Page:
“Being naked is a birth-given freedom, not a crime,” says Gypsy Taub, a San Francisco resident fighting for her right not to bear arms, but to bare all. Taub is protesting San Francisco’s new ban on public nudity, narrowly passed by the city’s Board of Supervisors in a 6-5 vote.
“The Castro, and San Francisco in general, is a place of freedom, expression and acceptance. But freedom, expression and acceptance does not mean anything goes under any circumstances,” says Supervisor Scott Wiener. “In the Castro, in particular, we now have men who take their clothes off and hang out every day of the week, and that has caused a lot of anger and frustration in the neighborhood.”
Opponents of the ban contend that police resources could better be spent fighting violent crime, instead of tracking down naked men roaming the streets.
However, there are some individuals, like Gypsy Taub, who are fighting the nudity ban on the grounds that their freedom of speech would be violated.
For their case, public nudity advocates cite the First Amendment. According to NYU law professor Amy Adler, one argument these nudists could make is that “being naked in the Castro could be seen as expressing a point of view about LGBT rights.” Adler notes however that the courts are unlikely to agree on such an interpretation based on precedent cases.
The Supreme Court has, in fact, held that nude dancing, as practiced in strip clubs, is a form of free speech according to Frederick Schauer, professor of law at the University of Virginia.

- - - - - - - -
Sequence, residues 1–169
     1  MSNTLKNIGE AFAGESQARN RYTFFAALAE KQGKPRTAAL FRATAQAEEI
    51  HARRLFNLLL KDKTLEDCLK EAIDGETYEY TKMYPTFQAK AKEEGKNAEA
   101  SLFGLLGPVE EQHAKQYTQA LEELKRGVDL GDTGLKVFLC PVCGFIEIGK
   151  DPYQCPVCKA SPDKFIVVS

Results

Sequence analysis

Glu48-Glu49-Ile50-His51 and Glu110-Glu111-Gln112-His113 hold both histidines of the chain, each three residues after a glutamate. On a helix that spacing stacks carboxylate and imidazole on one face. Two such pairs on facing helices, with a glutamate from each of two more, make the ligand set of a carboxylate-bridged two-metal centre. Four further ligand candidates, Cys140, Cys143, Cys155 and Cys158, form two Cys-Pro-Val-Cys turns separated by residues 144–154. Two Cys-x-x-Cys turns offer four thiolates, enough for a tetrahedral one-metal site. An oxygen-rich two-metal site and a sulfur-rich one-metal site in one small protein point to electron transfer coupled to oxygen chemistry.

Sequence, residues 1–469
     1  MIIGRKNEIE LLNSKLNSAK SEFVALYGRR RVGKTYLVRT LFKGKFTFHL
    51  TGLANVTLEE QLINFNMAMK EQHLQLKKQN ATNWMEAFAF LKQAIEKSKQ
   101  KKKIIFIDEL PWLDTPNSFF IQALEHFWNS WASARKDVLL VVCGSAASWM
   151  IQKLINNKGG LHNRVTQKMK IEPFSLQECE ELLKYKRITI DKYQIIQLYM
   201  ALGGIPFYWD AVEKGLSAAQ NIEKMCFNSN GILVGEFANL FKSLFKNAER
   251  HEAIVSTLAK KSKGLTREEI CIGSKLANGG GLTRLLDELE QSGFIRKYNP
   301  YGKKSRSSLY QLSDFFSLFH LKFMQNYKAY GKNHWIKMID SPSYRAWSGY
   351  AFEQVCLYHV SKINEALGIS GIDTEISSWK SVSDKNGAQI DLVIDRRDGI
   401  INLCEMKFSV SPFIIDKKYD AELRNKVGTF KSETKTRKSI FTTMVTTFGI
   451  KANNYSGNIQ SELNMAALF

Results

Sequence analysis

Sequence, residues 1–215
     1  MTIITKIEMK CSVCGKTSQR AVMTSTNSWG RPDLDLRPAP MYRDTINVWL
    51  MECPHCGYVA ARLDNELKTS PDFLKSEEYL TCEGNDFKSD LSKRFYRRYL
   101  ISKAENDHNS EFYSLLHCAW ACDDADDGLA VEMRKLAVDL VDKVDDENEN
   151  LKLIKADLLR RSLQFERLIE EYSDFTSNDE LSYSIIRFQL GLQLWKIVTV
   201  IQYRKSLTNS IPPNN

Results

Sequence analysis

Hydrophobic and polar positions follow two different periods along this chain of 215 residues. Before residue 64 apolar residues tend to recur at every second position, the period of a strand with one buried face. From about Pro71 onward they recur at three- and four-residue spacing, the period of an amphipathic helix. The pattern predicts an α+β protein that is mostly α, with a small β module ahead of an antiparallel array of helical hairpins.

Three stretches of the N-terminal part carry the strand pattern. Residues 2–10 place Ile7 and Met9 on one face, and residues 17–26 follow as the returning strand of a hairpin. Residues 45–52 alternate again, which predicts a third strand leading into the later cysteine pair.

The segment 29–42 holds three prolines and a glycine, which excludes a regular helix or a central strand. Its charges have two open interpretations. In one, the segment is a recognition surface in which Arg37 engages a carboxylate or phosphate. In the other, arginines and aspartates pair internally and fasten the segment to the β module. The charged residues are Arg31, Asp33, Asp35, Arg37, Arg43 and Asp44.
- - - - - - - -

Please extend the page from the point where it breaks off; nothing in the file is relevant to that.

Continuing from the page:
However, it ruled that establishments which offer displays of erotic dancing can be regulated. As long as the regulations are intended to deal with the side effects of such establishments – if they are causing a rise in crime, for instance – it is legal to impose a public nudity ban.
According to Adler, case law suggests the city was acting within its rights. “Even if the nudists could prove they were engaging in nudity for expressive purposes, the state has the right to regulate it,” she says, as long as the regulation is not about what’s being expressed, but the side effects that expression has on the rest of the city – for instance, heavy traffic or lowered property values.
But perhaps all hope is not lost for exhibitionist San Franciscans. The measure passed by the city includes exemptions for participants at permitted street fairs and parades, such as the city’s annual gay pride parade.
But if you’re a San Franciscan or anyone else who is disappointed with the ban, perhaps New York can help ease your suffering because yes, both men and women can walk around the city topless. And if you don’t like wearing pants, don’t forget that the city’s annual No Pants Subway Ride takes place in January. See you then.